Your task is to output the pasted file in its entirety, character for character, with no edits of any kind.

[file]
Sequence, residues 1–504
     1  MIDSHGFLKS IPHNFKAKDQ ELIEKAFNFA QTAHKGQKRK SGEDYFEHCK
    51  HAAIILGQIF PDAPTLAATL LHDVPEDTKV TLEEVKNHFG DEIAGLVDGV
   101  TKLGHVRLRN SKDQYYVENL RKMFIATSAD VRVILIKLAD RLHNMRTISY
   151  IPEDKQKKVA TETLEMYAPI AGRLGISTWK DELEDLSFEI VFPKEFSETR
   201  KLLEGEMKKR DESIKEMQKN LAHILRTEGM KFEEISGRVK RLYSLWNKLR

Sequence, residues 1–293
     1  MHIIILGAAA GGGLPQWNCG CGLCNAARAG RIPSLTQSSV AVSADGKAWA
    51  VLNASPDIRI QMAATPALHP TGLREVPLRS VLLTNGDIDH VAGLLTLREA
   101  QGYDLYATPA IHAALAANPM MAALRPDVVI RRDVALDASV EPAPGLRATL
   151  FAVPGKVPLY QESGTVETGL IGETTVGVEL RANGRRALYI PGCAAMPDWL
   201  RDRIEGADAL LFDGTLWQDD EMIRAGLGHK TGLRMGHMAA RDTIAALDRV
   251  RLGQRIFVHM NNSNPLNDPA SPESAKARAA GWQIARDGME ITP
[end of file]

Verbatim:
Sequence, residues 1–504
     1  MIDSHGFLKS IPHNFKAKDQ ELIEKAFNFA QTAHKGQKRK SGEDYFEHCK
    51  HAAIILGQIF PDAPTLAATL LHDVPEDTKV TLEEVKNHFG DEIAGLVDGV
   101  TKLGHVRLRN SKDQYYVENL RKMFIATSAD VRVILIKLAD RLHNMRTISY
   151  IPEDKQKKVA TETLEMYAPI AGRLGISTWK DELEDLSFEI VFPKEFSETR
   201  KLLEGEMKKR DESIKEMQKN LAHILRTEGM KFEEISGRVK RLYSLWNKLR

Sequence, residues 1–293
     1  MHIIILGAAA GGGLPQWNCG CGLCNAARAG RIPSLTQSSV AVSADGKAWA
    51  VLNASPDIRI QMAATPALHP TGLREVPLRS VLLTNGDIDH VAGLLTLREA
   101  QGYDLYATPA IHAALAANPM MAALRPDVVI RRDVALDASV EPAPGLRATL
   151  FAVPGKVPLY QESGTVETGL IGETTVGVEL RANGRRALYI PGCAAMPDWL
   201  RDRIEGADAL LFDGTLWQDD EMIRAGLGHK TGLRMGHMAA RDTIAALDRV
   251  RLGQRIFVHM NNSNPLNDPA SPESAKARAA GWQIARDGME ITP